More than ten years ago we went to Western Port Bay (Mornington Peninsula), Victoria Australia and we stopped at a Sunday market in small town of Hastings. There we bought  two unusual plants called Baseball Plant. The friendly man who sold the plant told us to buy two of them, the male and the female one. This way he said we would have a chance for the well rounded cacti to flower and produce some seeds. Unfortunately, up today, eventhough these plants are still alive, they never produce the valuable seeds.

What is a Baseball Plant?

Baseball Plant is also known by the name of Euphorbia obesa or Klipnoor. Originally it is from the Great Karo land in South Africa. Over collecting for many years has made this unusual plant rare on the wild and now is strictly protected.

Growing Need

(from: http://www.desert-tropicals.com/Plants/Euphorbiaceae/Euphorbia_obesa.html)

Recommended Temperature Zone:

 
Sunset: 4-9, 11,13-17, 31-34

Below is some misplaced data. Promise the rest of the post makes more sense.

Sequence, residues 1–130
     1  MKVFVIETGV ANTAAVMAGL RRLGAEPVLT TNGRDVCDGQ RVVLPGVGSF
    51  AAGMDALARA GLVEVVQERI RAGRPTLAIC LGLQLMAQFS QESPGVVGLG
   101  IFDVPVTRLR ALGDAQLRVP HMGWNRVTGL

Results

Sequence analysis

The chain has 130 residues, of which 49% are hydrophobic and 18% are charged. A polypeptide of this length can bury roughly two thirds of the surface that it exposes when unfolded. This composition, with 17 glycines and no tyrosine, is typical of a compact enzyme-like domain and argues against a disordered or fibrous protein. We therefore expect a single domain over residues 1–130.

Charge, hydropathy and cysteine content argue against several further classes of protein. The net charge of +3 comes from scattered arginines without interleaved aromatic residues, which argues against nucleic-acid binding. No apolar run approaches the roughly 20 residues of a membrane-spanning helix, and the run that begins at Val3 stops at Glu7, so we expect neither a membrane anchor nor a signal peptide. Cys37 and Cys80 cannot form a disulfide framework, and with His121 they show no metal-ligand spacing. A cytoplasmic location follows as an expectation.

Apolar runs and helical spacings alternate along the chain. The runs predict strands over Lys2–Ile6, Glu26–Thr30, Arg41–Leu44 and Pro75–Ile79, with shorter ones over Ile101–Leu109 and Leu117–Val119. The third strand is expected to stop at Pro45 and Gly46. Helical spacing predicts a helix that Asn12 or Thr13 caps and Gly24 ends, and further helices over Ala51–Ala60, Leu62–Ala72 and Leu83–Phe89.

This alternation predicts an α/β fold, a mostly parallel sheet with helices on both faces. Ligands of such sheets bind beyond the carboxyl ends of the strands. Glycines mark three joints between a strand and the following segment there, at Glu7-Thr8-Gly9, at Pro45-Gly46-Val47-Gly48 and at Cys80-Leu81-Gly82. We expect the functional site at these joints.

USDA: 9b-10

Frost Tolerance: Hardy down to 28°F (-2°C)

Minimum Avg. Temperature: 45°F (7°C)

Sun Exposure: Light shade, morning sun

Growth Habits: Succulent, up to 8 inches high (20 cm)

Watering Needs: moderate water in Summer, keep dry in winter

Propagation: Seeds, sexes are separated, so a male and a female plant are needed for the fecundation

 


Cultural Practices:
This species is dormant in winter, keep it totally dry at or around 40°F (4°C).

Blooming Habits:
The tiny flowers are delicately scented. They form at the top of the plant. This species is dioecious (meaning that there are male plants and female plants).

When the plant is still young it is symmetrically rounded and resembles a sea urchin shell. When aged, it tends to have a longer shape. Like many other succulents and cacti, it produces milky sap that can irritate sensitive skin.

This is the picture of my Baseball Plants (over 10 years old):

baseball-plants1